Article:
Parents find it hard to explain death to a child because, in most cases, they are not comfortable talking about it themselves. Death and grief can be so overwhelming but avoiding it can leave children angry and confused. Death occurs in many ways. Sometimes it is sudden. Sometimes it is expected. Sometimes it is prolonged or accidental. It can come when we are young or when we are old. Parents cannot shield children from loss, so they need to help them understand it.
Start by telling the truth
Do not skirt the issue. To explain death to a child, you need to be gentle but honest. If someone close to them has died, tell them as soon as possible. Avoid euphemisms like “crossed over” and “went to sleep.” Shielding children from reality will not make them feel better. Young children cannot grasp the concept of death, but they do feel the pain of separation. Indirect terms leave them anxious and upset, uncertain why the family member has gone but cannot come back. Realistic words, on the other hand, provide a clear explanation that allows them to come to terms with what has happened.
Do not be afraid to express your emotions
Telling children what we are feeling makes them aware of their emotions. It lets them know what they are feeling is acceptable and encourages them to open up.
Be sensitive to their age
When you explain death to a child, use a measured flow of information. For children under five, “forever” is still a strange concept. In many cases, you will need to explain that death is not temporary or reversible; it is permanent. The person is not going to get better. Their body has stopped working.
Children at this age ask a lot of questions, so simplicity and repetition are key to their understanding. They will want to know why it happened. Occasionally, they worry they did something to cause it. Some of their questions may be hard to answer, especially if the person did not die of natural causes. During times of pain, stress, and sadness, it is helpful to give them all the information you have clearly and simply as possible. However, do not be afraid to admit when you do not know. Explain that sometimes, it is impossible to have all the answers.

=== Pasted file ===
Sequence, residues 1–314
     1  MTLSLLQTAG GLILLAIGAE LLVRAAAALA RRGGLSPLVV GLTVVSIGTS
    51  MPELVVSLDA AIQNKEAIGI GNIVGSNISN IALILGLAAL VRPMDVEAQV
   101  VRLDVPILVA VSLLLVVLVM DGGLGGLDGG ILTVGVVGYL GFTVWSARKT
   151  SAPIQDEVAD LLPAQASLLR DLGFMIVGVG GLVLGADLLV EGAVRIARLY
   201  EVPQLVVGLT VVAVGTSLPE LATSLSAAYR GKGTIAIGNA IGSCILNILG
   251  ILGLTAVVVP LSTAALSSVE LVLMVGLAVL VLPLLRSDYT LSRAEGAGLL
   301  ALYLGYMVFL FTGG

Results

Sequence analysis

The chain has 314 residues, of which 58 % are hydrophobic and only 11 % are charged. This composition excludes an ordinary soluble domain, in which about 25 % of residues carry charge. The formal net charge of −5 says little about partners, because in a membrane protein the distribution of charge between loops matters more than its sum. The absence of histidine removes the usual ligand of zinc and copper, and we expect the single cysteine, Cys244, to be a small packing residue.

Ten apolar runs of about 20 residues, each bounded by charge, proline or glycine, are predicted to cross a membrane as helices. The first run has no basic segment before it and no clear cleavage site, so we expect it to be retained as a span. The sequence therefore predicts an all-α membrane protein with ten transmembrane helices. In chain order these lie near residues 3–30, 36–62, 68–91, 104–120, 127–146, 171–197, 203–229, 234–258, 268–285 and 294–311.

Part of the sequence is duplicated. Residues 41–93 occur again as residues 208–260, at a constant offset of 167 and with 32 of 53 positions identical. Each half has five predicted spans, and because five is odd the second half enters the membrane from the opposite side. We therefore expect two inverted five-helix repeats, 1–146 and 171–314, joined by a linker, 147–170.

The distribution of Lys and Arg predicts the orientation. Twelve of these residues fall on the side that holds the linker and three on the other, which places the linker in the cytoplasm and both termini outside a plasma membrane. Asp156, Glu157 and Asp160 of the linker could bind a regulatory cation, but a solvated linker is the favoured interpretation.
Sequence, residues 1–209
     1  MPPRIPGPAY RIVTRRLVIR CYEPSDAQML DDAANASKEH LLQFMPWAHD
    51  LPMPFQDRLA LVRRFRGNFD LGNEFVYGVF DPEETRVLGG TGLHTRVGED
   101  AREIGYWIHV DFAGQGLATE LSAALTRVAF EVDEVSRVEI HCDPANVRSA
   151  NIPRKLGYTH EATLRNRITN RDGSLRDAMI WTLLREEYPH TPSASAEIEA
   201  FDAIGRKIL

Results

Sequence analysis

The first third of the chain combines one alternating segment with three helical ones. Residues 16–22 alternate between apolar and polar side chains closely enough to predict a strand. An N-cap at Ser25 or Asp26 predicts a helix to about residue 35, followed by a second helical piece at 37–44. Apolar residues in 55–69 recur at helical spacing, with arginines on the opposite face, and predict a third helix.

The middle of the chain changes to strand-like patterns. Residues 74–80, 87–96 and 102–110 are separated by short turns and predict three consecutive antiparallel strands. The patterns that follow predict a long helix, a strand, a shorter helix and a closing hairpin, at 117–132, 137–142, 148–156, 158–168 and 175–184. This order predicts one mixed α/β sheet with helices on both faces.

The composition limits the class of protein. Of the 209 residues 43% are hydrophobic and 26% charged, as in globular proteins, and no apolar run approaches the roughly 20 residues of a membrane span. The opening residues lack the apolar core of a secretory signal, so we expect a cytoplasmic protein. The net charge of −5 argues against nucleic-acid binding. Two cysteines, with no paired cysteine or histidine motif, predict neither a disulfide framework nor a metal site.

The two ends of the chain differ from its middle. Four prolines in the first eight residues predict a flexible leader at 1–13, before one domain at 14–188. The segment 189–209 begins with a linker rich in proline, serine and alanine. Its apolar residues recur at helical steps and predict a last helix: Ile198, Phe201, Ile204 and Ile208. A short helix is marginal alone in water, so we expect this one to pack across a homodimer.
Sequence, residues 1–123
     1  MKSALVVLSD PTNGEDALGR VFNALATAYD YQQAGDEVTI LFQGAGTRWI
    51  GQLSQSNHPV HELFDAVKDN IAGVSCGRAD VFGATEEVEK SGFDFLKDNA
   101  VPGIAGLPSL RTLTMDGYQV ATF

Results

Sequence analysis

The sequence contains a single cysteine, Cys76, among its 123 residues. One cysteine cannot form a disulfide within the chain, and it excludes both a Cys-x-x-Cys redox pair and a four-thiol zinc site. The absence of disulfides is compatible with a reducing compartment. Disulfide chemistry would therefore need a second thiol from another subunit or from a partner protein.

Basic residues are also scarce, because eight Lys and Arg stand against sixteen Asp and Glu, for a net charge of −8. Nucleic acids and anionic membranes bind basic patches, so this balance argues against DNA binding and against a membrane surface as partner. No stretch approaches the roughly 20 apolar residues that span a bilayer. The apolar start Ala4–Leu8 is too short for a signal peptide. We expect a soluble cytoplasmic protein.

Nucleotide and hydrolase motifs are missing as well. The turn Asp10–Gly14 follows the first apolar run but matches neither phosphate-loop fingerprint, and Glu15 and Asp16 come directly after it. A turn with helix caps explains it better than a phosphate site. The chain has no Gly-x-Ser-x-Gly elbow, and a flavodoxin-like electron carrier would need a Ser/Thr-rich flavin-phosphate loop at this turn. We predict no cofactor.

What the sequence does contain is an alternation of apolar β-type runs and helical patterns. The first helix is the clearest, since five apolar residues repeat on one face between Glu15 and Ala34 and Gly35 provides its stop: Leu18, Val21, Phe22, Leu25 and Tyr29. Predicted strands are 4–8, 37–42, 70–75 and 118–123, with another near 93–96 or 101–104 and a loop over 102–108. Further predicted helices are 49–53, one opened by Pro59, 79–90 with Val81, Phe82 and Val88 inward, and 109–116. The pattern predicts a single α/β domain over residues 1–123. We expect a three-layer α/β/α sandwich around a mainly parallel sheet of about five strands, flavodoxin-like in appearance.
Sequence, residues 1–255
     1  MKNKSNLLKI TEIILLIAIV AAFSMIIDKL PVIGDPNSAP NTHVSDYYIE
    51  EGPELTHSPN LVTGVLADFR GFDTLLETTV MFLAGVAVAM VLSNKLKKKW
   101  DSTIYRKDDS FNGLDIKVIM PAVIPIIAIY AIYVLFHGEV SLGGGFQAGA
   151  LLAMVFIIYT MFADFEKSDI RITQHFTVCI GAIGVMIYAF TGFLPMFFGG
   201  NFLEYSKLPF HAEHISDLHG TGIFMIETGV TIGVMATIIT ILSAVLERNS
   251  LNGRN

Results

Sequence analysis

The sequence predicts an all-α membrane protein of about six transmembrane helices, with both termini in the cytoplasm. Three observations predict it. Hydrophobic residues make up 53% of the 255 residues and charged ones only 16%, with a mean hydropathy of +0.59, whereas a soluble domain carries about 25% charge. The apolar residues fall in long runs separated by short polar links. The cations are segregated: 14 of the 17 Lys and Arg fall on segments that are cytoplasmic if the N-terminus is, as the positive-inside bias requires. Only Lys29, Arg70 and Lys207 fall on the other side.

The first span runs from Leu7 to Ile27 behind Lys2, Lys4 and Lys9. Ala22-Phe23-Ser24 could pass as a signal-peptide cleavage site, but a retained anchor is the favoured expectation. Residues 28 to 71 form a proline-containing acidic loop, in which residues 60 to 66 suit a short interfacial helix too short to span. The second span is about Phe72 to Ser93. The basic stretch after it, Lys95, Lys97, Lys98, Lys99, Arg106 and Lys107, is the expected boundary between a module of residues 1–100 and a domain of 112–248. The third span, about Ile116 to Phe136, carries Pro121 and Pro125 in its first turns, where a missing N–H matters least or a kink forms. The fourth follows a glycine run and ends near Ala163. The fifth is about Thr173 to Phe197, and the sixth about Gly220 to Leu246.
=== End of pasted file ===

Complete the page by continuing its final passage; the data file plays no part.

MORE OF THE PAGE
Young children perceive events in relation to themselves, so they may ask about their own death. Do not shy away from the topic. Death is part of life. Acknowledge that death is scary, but far off. Focus on the positive aspects of life instead and everything they have to look forward to. Conversely, they may be worried that you might die. Reassure them you are fine, but that if something did happen, there would be someone to care for them.
It is not until around age 10 that kids start to relate to death the way adults do. You will need to be patient, talk openly, validate their feelings, and check in regularly. Be prepared for some blowups as well. Teenagers process grief the same way as adults, but their emotions are far more volatile.
Discuss the funeral
However you explain death to a child, it is important to touch on grief and mourning. Despite what you may think, funerals are appropriate for children of any age, even toddlers. They may not understand everything that is going on, but they will understand that it is a sad and solemn event.
Talk to children ahead of time. Knowing what to expect and how to behave will minimize disruptions. Make it clear that funerals are a way to say goodbye and find meaning. Tell them about the casket, but do not force them to view the body if they do not want to. Use questions about burial and cremation as an opportunity to delve into your religious and cultural traditions. Continuity brings closure.